In my last column, I discussed some of the major trends that I see becoming a factor in 2014, with one of those being the continued movement for retailers to shrink their physical footprints. Most prominently, Target and Wal-Mart have begun exploring this option—specifically in urban markets where space is at a premium. In this edition of Retail Rap, I further expand upon my prediction that stores will continue to trend smaller, something that could end up being a philosophical change from here on out.
Stung by overdevelopment where retail potential doesn’t exist, it’s only natural that retailers would begin changing their approach. Today, retailers and developers are essentially exclusively focused on population in place — even high-growth areas are treated with a certain degree of suspicion and caution. With more people moving back into urban areas (areas that have been frequently underserved with retail in the past few decades), retailers have understandably been eyeing those urban areas. Now retailers are focusing on answering two questions: where are we underserved, and what is the smallest size that will adequately serve that market?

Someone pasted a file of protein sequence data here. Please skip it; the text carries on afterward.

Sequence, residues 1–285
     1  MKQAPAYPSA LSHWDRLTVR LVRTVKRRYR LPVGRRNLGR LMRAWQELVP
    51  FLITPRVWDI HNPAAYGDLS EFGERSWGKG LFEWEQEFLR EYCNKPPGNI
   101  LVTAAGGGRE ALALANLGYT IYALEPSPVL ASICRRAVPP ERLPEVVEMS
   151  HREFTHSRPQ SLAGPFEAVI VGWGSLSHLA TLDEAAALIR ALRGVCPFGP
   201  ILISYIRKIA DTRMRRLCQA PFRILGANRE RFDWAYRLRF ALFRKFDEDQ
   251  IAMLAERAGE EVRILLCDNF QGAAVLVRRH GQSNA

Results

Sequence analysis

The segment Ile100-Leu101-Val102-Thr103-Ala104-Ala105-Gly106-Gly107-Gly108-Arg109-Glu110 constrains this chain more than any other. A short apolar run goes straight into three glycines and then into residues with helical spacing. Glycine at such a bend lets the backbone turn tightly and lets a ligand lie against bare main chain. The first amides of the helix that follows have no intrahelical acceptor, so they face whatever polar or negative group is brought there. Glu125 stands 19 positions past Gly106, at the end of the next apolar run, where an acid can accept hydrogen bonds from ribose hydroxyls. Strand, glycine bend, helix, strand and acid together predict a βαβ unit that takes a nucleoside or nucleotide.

Check out the full article from my recurring column, Retail Rap, at Chain Store Age.